NBA Clippers owner Donald Sterling has been the center of a recent media storm after TMZ posted a video of his racially insensitive remarks. NBA commissioner Adam Silver, who became commissioner in February, issued a lifetime ban to Sterling earlier this month. His bold stance on the incident has spoken volumes about the public and racial justice.
Until recently, black film had become an obsolete genre. Our generation no longer has Spike Lee films or movies with a definite agenda to promote black culture, but instead, recent films like “12 Years a Slave,” “The Help,” “Django Unchained” and “The Butler” are redefining the genre. Even better: They are resonating with today’s audiences.
Like most college students, I’m very involved with multiple social networking websites like Twitter and Facebook. Of course, these websites are a great way to keep in touch with my family and friends, but I’ve also fostered my own ambitions outside of the classroom and have found more uses for these same online tools. As young people, we should take advantage of the open resources online.
Northrop Auditorium has proved to be a central part of the University of Minnesota-Twin Cities campus since it opened in 1929. The monumental structure has blossomed as a center for prestigious art and as a site of many demonstrations throughout our campus’s history. As the University reinvests in this beautiful venue, it also reinvests in its past and its future. Northrop reopened its doors last week for the grand reopening after a four-year renovation, which cost $88.2 million. In a sense, Northrop has been a long-standing symbol of our campus through time.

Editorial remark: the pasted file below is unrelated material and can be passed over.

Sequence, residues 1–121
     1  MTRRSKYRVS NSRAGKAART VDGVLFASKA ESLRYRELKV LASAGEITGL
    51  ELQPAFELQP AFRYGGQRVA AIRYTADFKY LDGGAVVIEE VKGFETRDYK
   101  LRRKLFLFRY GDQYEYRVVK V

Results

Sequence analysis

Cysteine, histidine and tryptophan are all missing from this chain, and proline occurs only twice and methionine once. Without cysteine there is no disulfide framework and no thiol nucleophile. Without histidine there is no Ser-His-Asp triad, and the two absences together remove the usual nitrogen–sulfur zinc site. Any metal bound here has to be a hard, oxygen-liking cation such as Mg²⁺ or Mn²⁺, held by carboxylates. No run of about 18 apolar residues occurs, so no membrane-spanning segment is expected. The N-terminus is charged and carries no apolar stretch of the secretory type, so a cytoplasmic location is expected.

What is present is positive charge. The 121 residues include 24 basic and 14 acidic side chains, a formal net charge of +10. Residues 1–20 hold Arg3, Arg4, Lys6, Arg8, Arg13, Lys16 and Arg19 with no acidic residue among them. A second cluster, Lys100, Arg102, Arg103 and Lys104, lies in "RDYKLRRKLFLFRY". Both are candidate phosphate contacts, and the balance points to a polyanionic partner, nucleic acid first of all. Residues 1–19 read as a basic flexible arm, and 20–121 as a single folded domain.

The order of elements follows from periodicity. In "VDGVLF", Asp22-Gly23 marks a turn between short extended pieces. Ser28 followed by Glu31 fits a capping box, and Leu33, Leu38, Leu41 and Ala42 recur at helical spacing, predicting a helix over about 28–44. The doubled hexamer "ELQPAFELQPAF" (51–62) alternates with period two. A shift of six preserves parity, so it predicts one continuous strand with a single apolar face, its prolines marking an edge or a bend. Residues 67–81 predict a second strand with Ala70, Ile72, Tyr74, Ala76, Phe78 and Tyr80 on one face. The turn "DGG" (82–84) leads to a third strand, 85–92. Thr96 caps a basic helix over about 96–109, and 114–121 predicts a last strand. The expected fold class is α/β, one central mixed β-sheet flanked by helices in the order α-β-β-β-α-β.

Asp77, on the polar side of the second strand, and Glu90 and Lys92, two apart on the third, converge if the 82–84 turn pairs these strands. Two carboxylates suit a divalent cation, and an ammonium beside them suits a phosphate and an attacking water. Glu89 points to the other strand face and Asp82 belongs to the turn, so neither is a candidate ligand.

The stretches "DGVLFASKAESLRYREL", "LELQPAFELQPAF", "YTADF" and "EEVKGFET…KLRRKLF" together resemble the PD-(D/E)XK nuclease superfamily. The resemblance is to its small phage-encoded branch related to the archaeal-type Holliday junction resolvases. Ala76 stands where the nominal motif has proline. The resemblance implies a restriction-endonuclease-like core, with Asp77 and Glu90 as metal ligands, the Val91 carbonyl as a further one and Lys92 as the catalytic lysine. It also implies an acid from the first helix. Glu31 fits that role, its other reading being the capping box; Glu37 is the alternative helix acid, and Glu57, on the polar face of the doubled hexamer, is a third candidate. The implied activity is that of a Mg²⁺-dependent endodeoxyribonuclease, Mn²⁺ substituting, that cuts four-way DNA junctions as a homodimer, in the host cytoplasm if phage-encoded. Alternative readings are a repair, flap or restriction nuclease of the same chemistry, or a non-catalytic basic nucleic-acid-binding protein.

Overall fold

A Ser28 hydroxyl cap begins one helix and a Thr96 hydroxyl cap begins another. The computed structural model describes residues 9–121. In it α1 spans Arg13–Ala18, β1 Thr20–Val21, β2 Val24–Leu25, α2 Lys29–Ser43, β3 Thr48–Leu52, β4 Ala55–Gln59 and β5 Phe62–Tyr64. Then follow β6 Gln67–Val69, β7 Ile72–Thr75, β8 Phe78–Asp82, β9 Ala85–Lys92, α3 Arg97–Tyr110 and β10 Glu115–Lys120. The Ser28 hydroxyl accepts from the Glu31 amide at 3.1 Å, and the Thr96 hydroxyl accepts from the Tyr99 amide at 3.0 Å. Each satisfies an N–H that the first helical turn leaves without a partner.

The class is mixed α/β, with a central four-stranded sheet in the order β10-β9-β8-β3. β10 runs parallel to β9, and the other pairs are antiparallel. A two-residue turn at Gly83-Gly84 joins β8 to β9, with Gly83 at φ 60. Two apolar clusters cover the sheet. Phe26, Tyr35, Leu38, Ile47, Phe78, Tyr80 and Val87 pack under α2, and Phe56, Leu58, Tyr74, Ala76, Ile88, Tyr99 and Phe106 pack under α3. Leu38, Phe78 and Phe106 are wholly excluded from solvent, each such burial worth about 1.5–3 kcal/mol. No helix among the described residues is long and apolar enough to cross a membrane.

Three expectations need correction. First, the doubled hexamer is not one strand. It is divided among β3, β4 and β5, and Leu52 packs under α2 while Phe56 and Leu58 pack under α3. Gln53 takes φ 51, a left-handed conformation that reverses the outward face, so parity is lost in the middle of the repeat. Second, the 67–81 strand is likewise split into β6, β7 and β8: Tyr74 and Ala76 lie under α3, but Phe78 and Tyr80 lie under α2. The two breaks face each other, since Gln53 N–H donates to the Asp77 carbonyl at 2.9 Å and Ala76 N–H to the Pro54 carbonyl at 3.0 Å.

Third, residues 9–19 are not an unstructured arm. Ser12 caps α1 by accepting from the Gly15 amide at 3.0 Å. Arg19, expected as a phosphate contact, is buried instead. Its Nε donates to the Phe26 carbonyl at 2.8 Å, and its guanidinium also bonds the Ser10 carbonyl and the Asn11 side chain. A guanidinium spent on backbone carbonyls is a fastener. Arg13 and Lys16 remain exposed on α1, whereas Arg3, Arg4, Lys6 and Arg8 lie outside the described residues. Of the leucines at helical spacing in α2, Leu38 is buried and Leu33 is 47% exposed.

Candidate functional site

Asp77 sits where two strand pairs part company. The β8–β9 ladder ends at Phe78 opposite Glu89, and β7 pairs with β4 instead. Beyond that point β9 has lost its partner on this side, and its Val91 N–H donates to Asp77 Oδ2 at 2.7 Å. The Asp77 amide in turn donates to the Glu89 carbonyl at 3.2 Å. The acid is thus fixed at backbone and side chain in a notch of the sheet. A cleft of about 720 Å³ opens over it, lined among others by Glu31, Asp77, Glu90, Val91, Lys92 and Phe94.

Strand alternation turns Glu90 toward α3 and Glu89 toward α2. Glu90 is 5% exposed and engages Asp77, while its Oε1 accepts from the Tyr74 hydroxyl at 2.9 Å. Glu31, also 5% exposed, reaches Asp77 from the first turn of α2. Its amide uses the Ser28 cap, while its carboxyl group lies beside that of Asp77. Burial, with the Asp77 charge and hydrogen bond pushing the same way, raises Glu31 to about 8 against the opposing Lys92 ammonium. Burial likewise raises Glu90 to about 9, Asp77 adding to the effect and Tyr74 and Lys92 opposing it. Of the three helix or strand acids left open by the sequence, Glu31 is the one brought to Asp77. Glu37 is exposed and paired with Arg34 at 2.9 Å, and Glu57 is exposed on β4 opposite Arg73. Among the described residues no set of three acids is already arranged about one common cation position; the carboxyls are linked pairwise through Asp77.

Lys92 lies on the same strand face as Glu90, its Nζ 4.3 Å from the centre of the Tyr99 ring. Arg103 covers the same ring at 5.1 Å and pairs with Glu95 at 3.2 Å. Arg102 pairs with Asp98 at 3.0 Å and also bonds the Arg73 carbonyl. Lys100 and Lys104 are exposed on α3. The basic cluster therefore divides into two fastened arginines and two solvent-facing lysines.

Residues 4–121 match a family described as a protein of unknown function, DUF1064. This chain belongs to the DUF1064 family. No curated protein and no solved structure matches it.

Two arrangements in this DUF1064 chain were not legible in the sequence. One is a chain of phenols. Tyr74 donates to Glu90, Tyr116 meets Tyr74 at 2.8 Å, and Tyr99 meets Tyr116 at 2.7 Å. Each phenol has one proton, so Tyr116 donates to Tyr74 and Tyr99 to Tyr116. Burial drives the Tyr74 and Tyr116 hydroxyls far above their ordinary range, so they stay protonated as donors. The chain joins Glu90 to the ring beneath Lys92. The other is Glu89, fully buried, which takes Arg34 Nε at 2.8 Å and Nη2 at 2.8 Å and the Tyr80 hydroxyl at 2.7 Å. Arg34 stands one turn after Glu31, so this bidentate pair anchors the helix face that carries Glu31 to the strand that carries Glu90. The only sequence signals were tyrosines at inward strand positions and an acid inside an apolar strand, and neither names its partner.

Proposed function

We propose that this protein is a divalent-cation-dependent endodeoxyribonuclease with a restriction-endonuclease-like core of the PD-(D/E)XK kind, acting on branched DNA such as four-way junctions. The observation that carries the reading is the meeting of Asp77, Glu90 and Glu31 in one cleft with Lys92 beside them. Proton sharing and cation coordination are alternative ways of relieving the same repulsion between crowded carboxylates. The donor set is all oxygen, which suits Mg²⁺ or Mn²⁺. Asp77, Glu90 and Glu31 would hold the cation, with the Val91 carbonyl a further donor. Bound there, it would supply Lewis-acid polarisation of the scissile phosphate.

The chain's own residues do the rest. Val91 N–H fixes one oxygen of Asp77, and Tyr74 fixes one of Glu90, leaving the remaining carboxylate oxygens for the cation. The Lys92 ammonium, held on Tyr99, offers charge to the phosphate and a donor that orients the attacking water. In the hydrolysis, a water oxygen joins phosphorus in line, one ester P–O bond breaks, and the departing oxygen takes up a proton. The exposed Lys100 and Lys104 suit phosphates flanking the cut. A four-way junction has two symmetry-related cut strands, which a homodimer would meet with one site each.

April is Sexual Assault Awareness Month, and though statistics mark improvement, sexual assault is still a problem that requires our attention, specifically in the black community. Sexual assault has proven to be a continuous issue in the U.S. Fortunately, the U.S. Department of Justice’s National Crime Victimization Survey shows a decrease in reported sexual assault rates over the past decade.
Earlier this month, the Second Floor Advisory committee held a ribbon-cutting ceremony to recognize the renovation of Coffman Union’s second floor, but some remain bitter over the project and protested at the event. The renovation project began last summer and caused controversy because many murals outside student group offices were painted over. Many students were worried that the project would compromise the cultural essence of the student centers.
When “12 Years A Slave” actress Lupita Nyong’o won an Oscar for her breakout role, she became Hollywood’s new “It girl.” The Kenyan starlet received praise for both her looks and talent, which, truth be told, does not happen every day for women of color. Nyong’o is the newest portrayal of a new standard of beauty for black women. The definition of beauty is constantly evolving. Despite the saying that it’s in the eye of the beholder, beauty has a consistent portrayal in mass media images.
President Barack Obama once again proclaimed this March to be Women’s History Month over the weekend, and he called on Americans to celebrate International Women’s Day on March 8. This month is vital because it provides a moment to stop and appreciate the many women throughout history whose impacts we take for granted. Similar to Black History Month, Women’s History Month commemorates a marginalized group of people. With this in mind, this month not only celebrates the female gender, but also the progression of our society as equals.
We’re nearing the end of Black History Month, a time to not only recognize black history on a national scale but also how it pertains to our own university. The University of Minnesota has its own rich black history, including the Morrill Hall takeover in 1969 and the establishment of the African-American studies department. These events mark the beginning of a strong black student culture that still exists today in student groups, Afrocentric departments and courses, and black greek organizations.
Social networking usually seems harmless and humorous. However, beneath the layers of memes, Vines and hashtags lays strong social opinions, which should not be taken so lightly. Since late 2013, the Twitter trend “lightskin vs. darkskin” has spread through an array of social media apps. The trend is full of jokes about the supposed differences between light-skinned and dark-skinned African-Americans. While users may just be joking, the phenomenon has larger implications.